The other day, I went to a local grocery to buy a couple of helium balloons for my wife’s birthday. A small sign on the counter at the floral department directed me to the customer service desk for attention. I waited there a few minutes before a relatively young employee sauntered – a good word choice – over to ask how they could help.
I told her, and she ambled over to another employee no fewer than five aisles away. This person apparently told them to go back to the customer service desk, and call for yet someone else over the intercom. As you can imagine, it took a few minutes for this individual to come from the back of the store to assist me. Then, it took a little while longer to figure out how to open the balloon packages, fill the things and tie them off with colored string.
All told, after waiting in line to check out, the process of purchasing two balloons took about 25 minutes in the store. While this might have been frustrating to some, I wasn’t put out in the slightest.
You see, I wasn’t really paying for service, let alone good service. I was paying for balloons, and this particular store wasn’t making much money on the transaction, in either absolute or relative terms. If the store wasn’t making money on me, you can rest assured the employees didn’t make any either, outside of their normal pay. What was in it for them and why should they care if I had to wait a few minutes? In truth, I interrupted what they had been doing, and I knew I had.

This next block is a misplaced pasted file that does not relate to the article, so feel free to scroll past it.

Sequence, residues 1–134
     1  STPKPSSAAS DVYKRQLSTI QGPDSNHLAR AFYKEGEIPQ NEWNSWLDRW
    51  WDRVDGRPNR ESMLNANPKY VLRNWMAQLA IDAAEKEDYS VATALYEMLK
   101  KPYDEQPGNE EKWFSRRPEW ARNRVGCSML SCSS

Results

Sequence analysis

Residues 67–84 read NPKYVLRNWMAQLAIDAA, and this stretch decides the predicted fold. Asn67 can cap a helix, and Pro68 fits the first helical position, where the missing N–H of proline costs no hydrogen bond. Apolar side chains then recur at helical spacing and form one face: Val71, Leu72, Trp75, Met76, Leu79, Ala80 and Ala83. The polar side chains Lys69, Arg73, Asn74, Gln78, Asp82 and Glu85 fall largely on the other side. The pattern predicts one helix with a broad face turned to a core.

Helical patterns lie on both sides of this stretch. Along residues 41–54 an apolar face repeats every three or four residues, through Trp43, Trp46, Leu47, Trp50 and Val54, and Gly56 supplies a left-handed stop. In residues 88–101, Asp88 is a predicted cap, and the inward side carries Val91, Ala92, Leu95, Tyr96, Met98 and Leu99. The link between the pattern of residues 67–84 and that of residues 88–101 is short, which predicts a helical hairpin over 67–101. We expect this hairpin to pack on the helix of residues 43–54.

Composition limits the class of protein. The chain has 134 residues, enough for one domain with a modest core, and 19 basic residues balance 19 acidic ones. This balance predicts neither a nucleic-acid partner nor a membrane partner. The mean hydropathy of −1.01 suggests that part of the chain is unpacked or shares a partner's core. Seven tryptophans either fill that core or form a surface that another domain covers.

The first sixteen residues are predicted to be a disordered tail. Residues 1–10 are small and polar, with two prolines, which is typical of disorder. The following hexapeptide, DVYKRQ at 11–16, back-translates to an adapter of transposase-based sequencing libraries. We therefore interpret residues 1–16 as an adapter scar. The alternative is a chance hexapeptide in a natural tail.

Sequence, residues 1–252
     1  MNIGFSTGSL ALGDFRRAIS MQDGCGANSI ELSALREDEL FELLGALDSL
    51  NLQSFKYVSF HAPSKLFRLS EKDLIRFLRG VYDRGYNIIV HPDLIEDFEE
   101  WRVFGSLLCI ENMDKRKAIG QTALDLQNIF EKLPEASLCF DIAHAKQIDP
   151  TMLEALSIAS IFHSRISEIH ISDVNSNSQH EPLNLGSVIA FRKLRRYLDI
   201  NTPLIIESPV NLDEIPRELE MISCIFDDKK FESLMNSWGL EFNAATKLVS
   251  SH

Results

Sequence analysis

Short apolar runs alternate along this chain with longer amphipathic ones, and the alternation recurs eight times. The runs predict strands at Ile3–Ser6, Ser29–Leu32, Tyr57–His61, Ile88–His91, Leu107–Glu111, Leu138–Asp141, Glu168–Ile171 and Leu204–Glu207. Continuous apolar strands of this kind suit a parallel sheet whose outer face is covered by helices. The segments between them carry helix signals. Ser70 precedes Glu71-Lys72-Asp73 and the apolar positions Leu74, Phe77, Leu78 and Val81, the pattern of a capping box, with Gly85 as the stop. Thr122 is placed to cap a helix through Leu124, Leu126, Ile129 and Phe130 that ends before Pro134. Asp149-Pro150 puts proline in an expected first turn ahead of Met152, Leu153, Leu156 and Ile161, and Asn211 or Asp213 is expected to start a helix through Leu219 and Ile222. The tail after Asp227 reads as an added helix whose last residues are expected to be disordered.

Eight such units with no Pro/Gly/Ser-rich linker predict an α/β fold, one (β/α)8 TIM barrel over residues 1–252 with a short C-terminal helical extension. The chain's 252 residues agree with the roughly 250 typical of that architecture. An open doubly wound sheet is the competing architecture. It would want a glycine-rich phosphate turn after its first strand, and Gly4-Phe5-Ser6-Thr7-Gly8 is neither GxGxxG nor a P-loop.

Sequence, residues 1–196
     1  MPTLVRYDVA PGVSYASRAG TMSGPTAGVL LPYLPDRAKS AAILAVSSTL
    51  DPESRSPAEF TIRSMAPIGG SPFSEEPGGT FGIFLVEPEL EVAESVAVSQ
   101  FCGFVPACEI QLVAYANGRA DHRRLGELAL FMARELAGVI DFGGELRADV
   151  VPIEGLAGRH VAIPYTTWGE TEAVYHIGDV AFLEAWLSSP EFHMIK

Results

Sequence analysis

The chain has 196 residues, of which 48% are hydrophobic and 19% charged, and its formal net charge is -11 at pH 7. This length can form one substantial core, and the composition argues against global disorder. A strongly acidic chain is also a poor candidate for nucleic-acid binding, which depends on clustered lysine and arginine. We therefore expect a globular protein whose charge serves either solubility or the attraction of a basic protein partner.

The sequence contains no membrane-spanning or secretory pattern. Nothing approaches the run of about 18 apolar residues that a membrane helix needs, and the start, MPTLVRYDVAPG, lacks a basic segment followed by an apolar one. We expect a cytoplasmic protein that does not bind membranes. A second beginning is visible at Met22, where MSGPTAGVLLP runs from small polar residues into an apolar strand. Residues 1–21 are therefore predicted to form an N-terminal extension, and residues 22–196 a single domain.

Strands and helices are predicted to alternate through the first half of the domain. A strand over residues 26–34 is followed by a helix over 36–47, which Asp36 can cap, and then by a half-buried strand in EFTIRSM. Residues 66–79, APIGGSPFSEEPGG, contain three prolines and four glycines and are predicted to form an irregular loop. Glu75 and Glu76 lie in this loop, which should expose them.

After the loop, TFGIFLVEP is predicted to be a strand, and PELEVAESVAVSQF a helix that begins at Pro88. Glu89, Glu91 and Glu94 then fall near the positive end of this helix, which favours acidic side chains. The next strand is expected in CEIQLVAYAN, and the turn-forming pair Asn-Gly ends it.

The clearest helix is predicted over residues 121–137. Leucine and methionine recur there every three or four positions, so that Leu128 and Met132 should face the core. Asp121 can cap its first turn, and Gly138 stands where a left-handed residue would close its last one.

When I got home, my son asked me what I had taken so long. I told him what had happened, and he asked whether I had gotten annoyed. After all, he has seen me pretty red faced at restaurants owing to poor service and at fast food joints when they botch my order. The latter seems to happen with great regularity, but maybe it is just me. However, I told him what I just wrote: I wasn’t paying for service and didn’t get any in return.
Don’t get wrong. Customers should complain when they are paying for something and don’t get it. They should do so loudly and in no uncertain terms. On the flipside, they should know when they are paying for something and when they aren’t. Admittedly, this can sometimes be a fine line. When it is, I would recommend a deep breath and happy thoughts. After all, I can’t remember a single time in my life when I was happy with being angry, even if I deserved to be the latter.
With that said, yeah, I will remember how slow this particular grocery was in filling my balloons. In fact, I will go a block away to another the next time I need the things, which isn’t all that often. Frankly, that’s the best way to really hurt a company. It isn’t getting upside down with the cashier or the backup to the backup attendant in the floral department.
I have heard it said that, “in today’s service economy, there isn’t a lot of service.” I would counter with: “In today’s service economy, there are a lot of people who think they are paying for it when they really aren’t.”
Just keep that in mind the next time your blood starts to boil. It might help.
(Read this article as previously published in the Montgomery Advertiser on August 29th, 2017)